The U.S. Will Pay Down the National Debt for the First Time in Six Years


The president makes the announcement of a decrease in deficit against current unfavorable public opinion. Image from Wikimedia Commons.

On Wednesday, May 4th, President Joe Biden stated that the federal government will pay down the national debt for the first time in six years, just before the Federal Reserve announced a spike in interest rates in order to manage inflation that same afternoon.

“Bringing down the deficit is one way to ease inflationary pressures in an economy, where a consequence of a war and gas prices and oil, food, and it all – it’s just a different world right this moment because of Ukraine and Russia,” the President said. Deficit spending is when the government spends funds raised by borrowing rather than taxing, which has posed a lot of debt for the U.S. to pay off.

Biden emphasized that strong job gains increased total incomes, leading to additional tax revenues and thereby improving the government’s balance sheet. Additionally, the Treasury Department estimates that this fiscal year’s budget deficit will decrease by $1.5 trillion, which is an improvement from previous forecasts of $1.3 trillion.

Biden, in his pursuit of deficit reduction, cited the dip in national debt as something former President Donald Trump failed to do. “The bottom line is the deficit went up every year under my predecessor before the pandemic and during the pandemic. It has gone down both years since I’ve been here,” said Biden. “Why is it important? Because bringing down the deficit is one way to ease inflationary pressures.”

Biden’s actions seem to fall in line with his efforts to raise the public opinion of him. He already received criticism from Republicans about the economic strain the $1.9 trillion coronavirus relief package had, alongside 40-year high inflation rates and skyrocketing commodity prices resulting from the Russia-Ukraine war. These struggles pose a threat for Democrats, especially with upcoming midterm elections just months away.

However, many wonder if greater fiscal responsibility will be helpful for Biden politically as Democrats try to maintain their control of the Senate and House, considering his most recent Democrat predecessors, Barack Obama and Bill Clinton, cut budget deficits as well only to have their Republican successors use the money on tax cuts.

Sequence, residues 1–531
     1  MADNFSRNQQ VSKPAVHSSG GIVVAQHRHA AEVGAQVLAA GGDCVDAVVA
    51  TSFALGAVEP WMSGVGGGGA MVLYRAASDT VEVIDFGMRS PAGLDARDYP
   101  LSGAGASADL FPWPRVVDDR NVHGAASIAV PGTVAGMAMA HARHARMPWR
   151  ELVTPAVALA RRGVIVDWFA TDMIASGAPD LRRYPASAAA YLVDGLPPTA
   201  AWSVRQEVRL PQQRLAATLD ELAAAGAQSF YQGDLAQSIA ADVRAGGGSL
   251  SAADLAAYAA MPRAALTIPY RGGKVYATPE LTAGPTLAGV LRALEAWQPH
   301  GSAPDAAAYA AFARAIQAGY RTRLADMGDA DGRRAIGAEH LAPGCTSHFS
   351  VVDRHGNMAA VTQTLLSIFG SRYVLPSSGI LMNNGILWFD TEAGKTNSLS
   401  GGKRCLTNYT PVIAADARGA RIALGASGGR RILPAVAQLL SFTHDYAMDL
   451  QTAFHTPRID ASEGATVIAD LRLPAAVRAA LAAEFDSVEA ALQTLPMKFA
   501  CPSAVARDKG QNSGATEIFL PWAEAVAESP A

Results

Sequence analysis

The expected $26 billion drop this quarter is actually expected to be short-lived, as the total debt sits at around $23.9 trillion and continues to rise each quarter. And while Biden’s administration foresees the cost of servicing the debt to be low enough in order to sustain the borrowing, critics say there need to be structural changes made to improve things overall.

Douglas Holtz-Eakin, former director of the Congressional Budget Office and now leading the center-right American Action Forum, states, “There needs to be a real fiscal restructuring because we continue to see these trillion-dollar deficits as far as the eye can see…What they’re doing is essentially deferring the need to do anything real and genuinely fix the programs that are important to people.”

Another challenge for Biden stems from the fact that for many voters, deficits are an abstract strategy that is often not on their minds when making decisions during elections, usually blocked by more obvious aspects such as healthcare, incomes, and inflation. 

“[Voters are] more likely to respond to things that are in their wheelhouse or that they believe will have a more direct effect on their lives,” said Norman Ornstein, an emeritus scholar at the conservative American Enterprise Institute. He says that deficits are “a step removed for most voters, and we’ve been through periods where we’ve had the big deficits and debt and it’s not like it devastated directly people’s lives.”